Kawhi Leonard. Kevin Durant. Kyrie Irving. Kemba Walker. Those are the names we hear day-in and day-out now that NBA free agency is only days away.
But that doesn’t mean all-stars are the only players available to impact a team this summer. Yes, those players, as well as others like Tobias Harris and Jimmy Butler, will be the first to sign lucrative contracts with teams this summer. And deservedly so; they’ve risen to star status for their work on the court.
But there are several sleepers in this year’s free agent pool — players who might not even be close to star status, but still can make a tangible difference for whichever team they land on at a bargain price.
Here are our favorites.
Before their season crashed into a ditch, the Boston Celtics and Marcus Morris appeared to be in it for the long haul. He was the team’s only power forward and ended up being one of their most consistent weapons.
Morris’ on-court persona as a black hole is worrisome for potential suitors, but he’s also a prototypical gamer, someone who isn’t afraid of a big moment, and plenty willing to knock down an open three or bully a smaller defender with his patented fadeaway. On the other end, Morris can guard several positions, isn’t afraid of contract, and knows how to rebound.
He isn’t for everybody, but in the right situation (i.e., a winning one), the 29-year-old’s value shows up when his team needs him most.
Stephen Curry might be the two-time MVP, but his younger brother isn’t just some scrub. No, Seth Curry actually played valuable minutes for a Trail Blazers team that met the Warriors in the Western Conference Finals.
Curry has had an interesting basketball journey. While his brother became the face of a championship franchise, Curry bounced between five NBA teams, then missed the entire 2017-18 season with a stress fracture in his tibia. He signed a two-year, $6 million deal with a player option with Portland last summer and found himself as a key rotation player.
He’s not the playmaker his brother is, but Curry actually ranked ahead in three-point percentage last season. He’s not just the other Curry. He’s his own player, and playoff teams should be interested in bringing him off the bench.
- Kristian Winfield
A likely casualty of the Clippers’ big-game hunting, Green is a quality big man option for contending teams needing to fill out their rosters with limited funds. It’s hard to find two-way role-players who can play either power forward or center without sacrificing much in the way of speed or size. Green shot more than 40 percent from three last season on a decent number of attempts, and has a solid defensive reputation, both protecting the rim and defending smaller guards. It’s telling that his minutes increased in the playoffs, when his versatility and length made him a quality small-ball center against the Warriors.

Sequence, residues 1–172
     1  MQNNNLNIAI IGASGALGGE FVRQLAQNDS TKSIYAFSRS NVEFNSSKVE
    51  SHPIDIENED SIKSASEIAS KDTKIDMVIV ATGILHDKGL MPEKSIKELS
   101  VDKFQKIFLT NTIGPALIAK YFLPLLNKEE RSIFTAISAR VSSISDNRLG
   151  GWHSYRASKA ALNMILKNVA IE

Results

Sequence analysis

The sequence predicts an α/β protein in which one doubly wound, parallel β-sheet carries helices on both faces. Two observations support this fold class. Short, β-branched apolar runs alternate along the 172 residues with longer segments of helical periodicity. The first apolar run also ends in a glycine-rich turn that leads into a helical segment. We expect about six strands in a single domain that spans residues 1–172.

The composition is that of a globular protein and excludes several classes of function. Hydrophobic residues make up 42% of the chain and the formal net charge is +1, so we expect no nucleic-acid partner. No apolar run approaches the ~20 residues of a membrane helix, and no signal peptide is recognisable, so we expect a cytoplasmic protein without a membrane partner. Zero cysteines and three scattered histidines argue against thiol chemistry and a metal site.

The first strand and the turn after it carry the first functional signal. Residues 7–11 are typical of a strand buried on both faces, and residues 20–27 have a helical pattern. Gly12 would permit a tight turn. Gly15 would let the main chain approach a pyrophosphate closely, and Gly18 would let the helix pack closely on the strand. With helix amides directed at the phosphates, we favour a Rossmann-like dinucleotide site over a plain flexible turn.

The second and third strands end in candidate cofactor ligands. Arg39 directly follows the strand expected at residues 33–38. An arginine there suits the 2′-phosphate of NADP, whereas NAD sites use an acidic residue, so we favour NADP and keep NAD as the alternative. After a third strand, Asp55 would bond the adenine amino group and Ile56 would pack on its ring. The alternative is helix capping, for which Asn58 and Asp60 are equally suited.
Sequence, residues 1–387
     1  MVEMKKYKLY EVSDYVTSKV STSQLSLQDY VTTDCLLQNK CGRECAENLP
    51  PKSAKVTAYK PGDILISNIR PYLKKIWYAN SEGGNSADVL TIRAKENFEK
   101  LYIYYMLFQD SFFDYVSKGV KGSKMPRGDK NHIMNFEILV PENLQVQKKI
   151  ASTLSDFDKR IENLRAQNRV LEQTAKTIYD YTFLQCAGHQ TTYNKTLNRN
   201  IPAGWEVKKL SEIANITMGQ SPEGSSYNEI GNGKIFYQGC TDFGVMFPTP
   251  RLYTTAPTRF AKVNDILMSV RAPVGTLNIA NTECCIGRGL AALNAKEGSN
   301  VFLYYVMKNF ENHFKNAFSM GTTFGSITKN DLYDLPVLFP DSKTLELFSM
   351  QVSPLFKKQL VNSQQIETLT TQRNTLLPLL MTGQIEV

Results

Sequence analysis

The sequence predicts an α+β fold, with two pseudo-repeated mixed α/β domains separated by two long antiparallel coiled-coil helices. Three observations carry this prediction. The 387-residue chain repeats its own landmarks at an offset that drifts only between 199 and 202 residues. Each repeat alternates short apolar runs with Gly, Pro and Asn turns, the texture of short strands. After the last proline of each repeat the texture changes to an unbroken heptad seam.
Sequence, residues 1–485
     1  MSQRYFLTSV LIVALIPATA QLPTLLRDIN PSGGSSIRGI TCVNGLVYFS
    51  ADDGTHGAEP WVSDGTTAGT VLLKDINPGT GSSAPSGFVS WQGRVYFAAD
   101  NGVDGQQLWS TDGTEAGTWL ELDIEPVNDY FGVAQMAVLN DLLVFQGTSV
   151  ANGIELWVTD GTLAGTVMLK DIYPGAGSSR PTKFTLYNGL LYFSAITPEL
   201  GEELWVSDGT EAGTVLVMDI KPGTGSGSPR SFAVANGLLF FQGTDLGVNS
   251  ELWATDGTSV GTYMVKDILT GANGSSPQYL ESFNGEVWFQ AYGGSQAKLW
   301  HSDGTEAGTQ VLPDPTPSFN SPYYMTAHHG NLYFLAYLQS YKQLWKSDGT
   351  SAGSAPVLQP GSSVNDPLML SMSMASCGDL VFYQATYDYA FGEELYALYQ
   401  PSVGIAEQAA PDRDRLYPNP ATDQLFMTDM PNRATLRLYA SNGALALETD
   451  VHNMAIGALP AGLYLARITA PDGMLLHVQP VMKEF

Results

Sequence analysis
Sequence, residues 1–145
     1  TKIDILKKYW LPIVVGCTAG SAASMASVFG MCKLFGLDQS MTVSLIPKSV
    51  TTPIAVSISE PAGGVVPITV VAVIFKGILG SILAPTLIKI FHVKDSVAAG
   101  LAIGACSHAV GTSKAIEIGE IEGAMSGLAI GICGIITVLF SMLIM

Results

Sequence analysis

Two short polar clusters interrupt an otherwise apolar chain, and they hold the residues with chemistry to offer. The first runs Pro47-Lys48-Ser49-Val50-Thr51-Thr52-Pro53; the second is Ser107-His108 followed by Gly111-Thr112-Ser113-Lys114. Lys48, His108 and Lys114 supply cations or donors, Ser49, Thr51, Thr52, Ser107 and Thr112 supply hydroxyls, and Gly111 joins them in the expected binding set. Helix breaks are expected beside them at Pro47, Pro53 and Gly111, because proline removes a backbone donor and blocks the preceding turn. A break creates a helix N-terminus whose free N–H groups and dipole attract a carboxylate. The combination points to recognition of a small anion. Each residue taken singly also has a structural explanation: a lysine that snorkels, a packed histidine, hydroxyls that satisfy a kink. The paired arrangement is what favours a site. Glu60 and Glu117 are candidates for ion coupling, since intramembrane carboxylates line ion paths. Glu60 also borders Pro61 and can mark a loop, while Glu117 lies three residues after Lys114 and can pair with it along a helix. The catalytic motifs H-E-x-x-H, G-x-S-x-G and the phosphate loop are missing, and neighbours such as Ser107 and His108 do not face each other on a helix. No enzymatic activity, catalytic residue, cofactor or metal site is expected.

He’d work well in Philly backing up and/or playing alongside Joel Embiid, across town with Anthony Davis and the Lakers, closing games for Kenny Atkinson’s Nets, or slotting into Derrick Favors’ spot with the Jazz.
The Trail Blazers’ wing was a major part of his team’s rotation prior to the playoffs, and for good reason. The 25-year-old can shoot from distance, and defend multiple positions. Last season, Layman scored eight points per game with three rebounds in 19 minutes per night.
For a bench role, Layman can be one of the best value contracts of the summer. This is a league of forwards, after all.
- Matt Ellentuck
With the absence of John Wall, Satoransky saw an uptick in minutes and production. He showed he can get teammates involved with his playmaking, and is also a pesky defender. Using his 6’7 frame, Satoransky able to bounce off defenders and finish 70 percent of his attempts at the rim. Defenses can’t give him too much space as he shot an effective field goal percentage of 56.4 percent on spot-ups. With his size, he can play both guard positions.
Satoransky is a restricted free agent, so there is a good chance Washington retains him, but it is worth the gamble for a team in need of guard help to sign him to a decent offer sheet.
- Vijay Vemu
Dedmon joined the Hawks just as the Hawks were disbanding, which meant the lanky center evolved in relative anonymity. Evolved, you say? YES. Dedmon, once a traditional defense, rebounds, dunks center, can handle the ball a little bit now (more assists than turnovers in each of the last two seasons) and shoot. Shoot, you say? YES. Dedmon started taking threes after joining Atlanta, and hit 38 percent on more than 200 attempts (over three per game) last season.
Though Dedmon turns 30 this summer, someone is going to have noticed the new Dewayne Dedmon. He should be a nice pull at the right price.
- Tom Ziller
7. Cheik Diallo
The Pelicans didn’t want Diallo as part of their new future built around Zion Williamson, but a smart team will scoop him up and develop him into a bargain big man whose production exceeds his price. Diallo is about to turn 23 years old and is just tapping into his potential as a switchable big man who can block shots, rebound, and score efficiently in the paint.
Diallo’s speed has always been his calling card, dating back to his days as a top recruit out of New York. An uneven freshman season at Kansas didn’t do his draft stock any favors (he went No. 33 overall), but the outlines of a modern big have always been there. He remains light on his feet and a burner in the open floor who can stick with ball handlers for a few seconds defending the pick-and-roll. He also makes the most of his offensive skill set, using put-backs, short rolls to the rim, and dunks to compile a sterling 64.4 true shooting percentage last year in New Orleans.
A team won’t have to break the bank to sign Diallo, but they could have an emerging player on a cheap deal as he hits his prime.
— Ricky O’Donnell